“There is no god higher than truth.”
– Mahatma Gandhi
I know that “god” can be a tricky concept to discuss in mixed company, but it is an important part of Tantric theory and practice, so I want to take a few minutes to share some interesting beliefs on the subject.
God-Hunger and the Crown
According to traditional theories of human needs and desires, “god-hunger” is that sensation, when all our physical, emotional and mental needs are met, which drives us to seek out explanations for that which we by definition cannot understand. It can be hard for us to reconcile this desire within our rational minds.
Even if you belong to an organized religion, finding a place to fit Tantra within its boundaries can be a difficult and confusing process… but science doesn’t lie. Studies have reliably shown that prayer, meditation and musing on the divine actually changes the brain, lighting up the parts that control focus and concentration while shutting down the center of the brain that controls individualization and leaves us feeling separate from everyone else. Wouldn’t you love to find a way to feel more connected and in tune with your lover?
Finding a happy, quiet place in your mind is the first step to making Tantra a physical reality. Meditation can take some time to get used to, so start slow and take it a few minutes at a time, working your way up to a good ten to fifteen minutes a day.
The easiest way to make meditation a daily practice is to create safe space for yourself inside your mind. Sitting quietly and comfortably, try using some kind of “dropping down” metaphor, like an elevator or a set of stairs, a magic carpet or a floating cloud, visualizing yourself going down, down, down deep into your subconscious. You will know when you reach the bottom of this journey, and there you will find a door. When you open the door, inside you will find your special place, a place of calm and peace.
This place can be anything you imagine it to be – a quiet field, a verdant valley, a still lake, a rushing stream or waterfall, a beach by the ocean, a humid jungle, a snowy mountain, a dark damp cave… anything that allows you to feel calm and peaceful inside. In this place you can begin to explore your own mind and your ideas about the universe. Allow images and ideas to come to you and let them pass with conscious mindfulness.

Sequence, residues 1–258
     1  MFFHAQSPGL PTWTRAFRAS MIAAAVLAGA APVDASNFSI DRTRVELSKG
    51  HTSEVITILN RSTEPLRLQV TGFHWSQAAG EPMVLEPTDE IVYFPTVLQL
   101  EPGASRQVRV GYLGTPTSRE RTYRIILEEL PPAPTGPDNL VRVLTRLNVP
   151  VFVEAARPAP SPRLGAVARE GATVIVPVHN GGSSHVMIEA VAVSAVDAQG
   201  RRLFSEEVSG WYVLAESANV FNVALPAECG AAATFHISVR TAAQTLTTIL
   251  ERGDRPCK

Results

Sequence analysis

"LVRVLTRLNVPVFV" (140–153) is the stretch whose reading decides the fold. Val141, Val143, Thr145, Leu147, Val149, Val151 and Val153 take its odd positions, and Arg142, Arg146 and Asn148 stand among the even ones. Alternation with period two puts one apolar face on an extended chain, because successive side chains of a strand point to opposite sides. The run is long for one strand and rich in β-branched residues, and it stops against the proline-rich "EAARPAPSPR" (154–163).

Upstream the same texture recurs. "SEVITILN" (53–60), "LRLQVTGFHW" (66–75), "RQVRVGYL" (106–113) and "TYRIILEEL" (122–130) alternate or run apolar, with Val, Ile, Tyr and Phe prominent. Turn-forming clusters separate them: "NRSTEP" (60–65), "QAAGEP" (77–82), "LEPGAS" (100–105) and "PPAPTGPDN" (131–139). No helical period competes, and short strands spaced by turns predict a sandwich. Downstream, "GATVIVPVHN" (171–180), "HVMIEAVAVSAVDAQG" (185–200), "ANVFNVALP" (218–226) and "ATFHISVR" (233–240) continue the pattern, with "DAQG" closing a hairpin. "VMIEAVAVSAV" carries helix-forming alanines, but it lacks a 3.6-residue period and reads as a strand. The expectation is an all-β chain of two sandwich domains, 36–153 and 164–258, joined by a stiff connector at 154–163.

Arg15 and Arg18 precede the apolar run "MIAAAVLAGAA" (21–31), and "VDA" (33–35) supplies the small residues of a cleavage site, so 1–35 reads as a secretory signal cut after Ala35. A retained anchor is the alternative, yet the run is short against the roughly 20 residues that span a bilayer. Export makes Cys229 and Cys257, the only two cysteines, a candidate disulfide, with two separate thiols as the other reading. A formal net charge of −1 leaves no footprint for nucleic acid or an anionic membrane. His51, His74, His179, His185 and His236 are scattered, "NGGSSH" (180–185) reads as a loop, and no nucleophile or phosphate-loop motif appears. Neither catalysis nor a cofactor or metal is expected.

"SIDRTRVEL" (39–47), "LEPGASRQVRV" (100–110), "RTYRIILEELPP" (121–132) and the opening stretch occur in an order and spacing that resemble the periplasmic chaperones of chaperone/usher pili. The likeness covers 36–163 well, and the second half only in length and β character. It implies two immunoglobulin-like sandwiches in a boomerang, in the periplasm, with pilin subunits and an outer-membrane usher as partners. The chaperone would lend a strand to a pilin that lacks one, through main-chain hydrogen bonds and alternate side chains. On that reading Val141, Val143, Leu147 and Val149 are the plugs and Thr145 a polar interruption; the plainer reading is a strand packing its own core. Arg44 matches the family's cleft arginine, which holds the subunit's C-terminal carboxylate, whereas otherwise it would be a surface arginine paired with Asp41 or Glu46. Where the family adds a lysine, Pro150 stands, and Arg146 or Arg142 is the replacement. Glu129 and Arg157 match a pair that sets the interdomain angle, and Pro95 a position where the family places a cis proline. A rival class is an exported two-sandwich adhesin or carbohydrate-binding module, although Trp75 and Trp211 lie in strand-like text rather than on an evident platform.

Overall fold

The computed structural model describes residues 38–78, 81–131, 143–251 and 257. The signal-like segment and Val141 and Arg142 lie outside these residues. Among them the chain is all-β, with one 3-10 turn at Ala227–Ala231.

Truth and Illusion
What is truth? Open and honest communication is often touted as the pinnacle of relationship rightness, but it can be hard balancing honesty with understanding and compassion. How do you know when you are speaking the truth and when you are simply spouting your own opinions? In Hindu mythology, Maya (Illusion) is personified as a young maiden shrouded in gauzy veils, she who obscures the truth and weaves the twisted web of life.
In your place of peace, imagine your wife as this maiden, shrouded in veils which cloud your vision and keep her partially hidden from you. Think of any problems you may be having in your relationship or your ability to communicate with her. In your mind’s eye, think about each layer of the problem as one layer of her veils. First consider your own thoughts on the problem and watch as she pulls back one of the veils, and then consider her thoughts as she pulls back the next. Consider your feelings on the subject, then hers as she reveals two more layers. Finally, consider what each of you needs in this situation as she reveals herself fully to you. When she is naked before you in your mind’s eye, muse for a few moments on what new things you have learned, both about yourself and your lover, in this exercise. Return to the real world and allow your imagination to bring the two of you closer together in reality.
When you speak to your partner in life and love, truth is that which serves us both. Talking about your opinions as if they are facts, especially when they do not benefit the situation or improve your relationship with your lover, can do more harm than good. Take the time to learn exactly how your own illusions might be clouding your ability to speak loving truth.